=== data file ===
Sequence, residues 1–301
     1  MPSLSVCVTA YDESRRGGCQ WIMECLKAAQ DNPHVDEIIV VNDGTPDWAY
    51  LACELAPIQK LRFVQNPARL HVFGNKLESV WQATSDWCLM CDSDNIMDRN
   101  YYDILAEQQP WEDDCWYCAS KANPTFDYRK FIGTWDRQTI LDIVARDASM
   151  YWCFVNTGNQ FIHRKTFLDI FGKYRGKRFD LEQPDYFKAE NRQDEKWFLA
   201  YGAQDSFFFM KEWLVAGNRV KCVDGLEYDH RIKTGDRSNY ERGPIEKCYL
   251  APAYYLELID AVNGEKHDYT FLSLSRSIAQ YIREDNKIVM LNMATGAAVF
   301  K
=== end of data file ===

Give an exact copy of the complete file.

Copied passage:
Sequence, residues 1–301
     1  MPSLSVCVTA YDESRRGGCQ WIMECLKAAQ DNPHVDEIIV VNDGTPDWAY
    51  LACELAPIQK LRFVQNPARL HVFGNKLESV WQATSDWCLM CDSDNIMDRN
   101  YYDILAEQQP WEDDCWYCAS KANPTFDYRK FIGTWDRQTI LDIVARDASM
   151  YWCFVNTGNQ FIHRKTFLDI FGKYRGKRFD LEQPDYFKAE NRQDEKWFLA
   201  YGAQDSFFFM KEWLVAGNRV KCVDGLEYDH RIKTGDRSNY ERGPIEKCYL
   251  APAYYLELID AVNGEKHDYT FLSLSRSIAQ YIREDNKIVM LNMATGAAVF
   301  K